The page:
AdvisorsMitra, Niloy J.
KAUST DepartmentComputer, Electrical and Mathematical Sciences and Engineering (CEMSE) Division
MetadataShow full item record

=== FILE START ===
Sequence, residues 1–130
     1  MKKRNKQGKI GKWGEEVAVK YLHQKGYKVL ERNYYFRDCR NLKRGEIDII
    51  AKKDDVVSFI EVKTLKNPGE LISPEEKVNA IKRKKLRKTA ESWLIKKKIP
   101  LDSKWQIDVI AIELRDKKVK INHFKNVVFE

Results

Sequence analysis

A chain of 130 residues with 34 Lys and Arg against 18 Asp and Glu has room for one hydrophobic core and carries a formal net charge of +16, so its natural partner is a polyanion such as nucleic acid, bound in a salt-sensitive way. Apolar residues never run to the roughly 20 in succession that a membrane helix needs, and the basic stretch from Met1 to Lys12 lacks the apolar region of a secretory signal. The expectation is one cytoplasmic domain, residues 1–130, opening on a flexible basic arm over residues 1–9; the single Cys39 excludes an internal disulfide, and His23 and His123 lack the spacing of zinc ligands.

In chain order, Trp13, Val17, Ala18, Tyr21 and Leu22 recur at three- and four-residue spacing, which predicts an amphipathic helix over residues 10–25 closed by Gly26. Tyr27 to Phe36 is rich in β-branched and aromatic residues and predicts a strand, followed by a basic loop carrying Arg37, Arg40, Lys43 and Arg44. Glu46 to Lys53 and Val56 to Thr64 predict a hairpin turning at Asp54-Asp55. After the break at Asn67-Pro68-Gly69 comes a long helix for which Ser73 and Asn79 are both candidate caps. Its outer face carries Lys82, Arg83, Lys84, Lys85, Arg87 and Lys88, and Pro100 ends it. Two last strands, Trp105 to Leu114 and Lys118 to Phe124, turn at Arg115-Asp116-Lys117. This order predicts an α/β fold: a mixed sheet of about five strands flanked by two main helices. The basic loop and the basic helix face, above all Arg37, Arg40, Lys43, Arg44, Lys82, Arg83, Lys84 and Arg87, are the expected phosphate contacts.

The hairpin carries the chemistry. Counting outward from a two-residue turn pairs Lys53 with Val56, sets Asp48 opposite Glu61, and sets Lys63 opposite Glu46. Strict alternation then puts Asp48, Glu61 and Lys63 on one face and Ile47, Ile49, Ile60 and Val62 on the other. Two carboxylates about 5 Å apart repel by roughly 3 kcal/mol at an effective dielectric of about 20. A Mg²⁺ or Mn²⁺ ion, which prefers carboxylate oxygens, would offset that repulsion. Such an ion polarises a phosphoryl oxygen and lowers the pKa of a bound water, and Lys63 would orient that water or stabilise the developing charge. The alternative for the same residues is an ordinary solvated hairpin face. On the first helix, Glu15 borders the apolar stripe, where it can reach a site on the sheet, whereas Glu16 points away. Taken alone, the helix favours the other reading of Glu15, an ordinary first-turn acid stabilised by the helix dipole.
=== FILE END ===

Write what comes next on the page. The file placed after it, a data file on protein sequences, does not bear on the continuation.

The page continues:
AbstractDigitization and characterization of urban spaces are essential components as we move to an ever-growing ’always connected’ world. Accurate analysis of such digital urban spaces has become more important as we continue to get spatial and social context-aware feedback and recommendations in our daily activities. Modeling and reconstruction of urban environments have thus gained unprecedented importance in the last few years. Such analysis typically spans multiple disciplines, such as computer graphics, and computer vision as well as architecture, geoscience, and remote sensing. Reconstructing an urban environment usually requires an entire pipeline consisting of different tasks. In such a pipeline, data analysis plays a strong role in acquiring meaningful insights from the raw data. This dissertation primarily focuses on the analysis of various forms of urban data and proposes a set of techniques to extract useful information, which is then used for different applications. The first part of this dissertation presents a semi-automatic framework to analyze facade images to recover individual windows along with their functional configurations such as open or (partially) closed states. The main advantage of recovering both the repetition patterns of windows and their individual deformation parameters is to produce a factored facade representation. Such a factored representation enables a range of applications including interactive facade images, improved multi-view stereo reconstruction, facade-level change detection, and novel image editing possibilities. The second part of this dissertation demonstrates the importance of a layout configuration on its performance. As a specific application scenario, I investigate the interior layout of warehouses wherein the goal is to assign items to their storage locations while reducing flow congestion and enhancing the speed of order picking processes. The third part of the dissertation proposes a method to classify cities based on their functional behavior. Commonly used computational approaches concentrate on geometric descriptors, for both images and laser scans. Instead, I analyze street networks, both their topology (i.e., connectivity) and geometry (i.e., layout), in an attempt to understand the factors that play dominant roles in determining the characteristic of cities. A set of street network descriptors is proposed to capture the essence of city layouts and used, in a supervised setting, to classify and categorize various cities across the world. Each part of the dissertation shows the utility of the proposed methods through describing a variety of applications on different examples.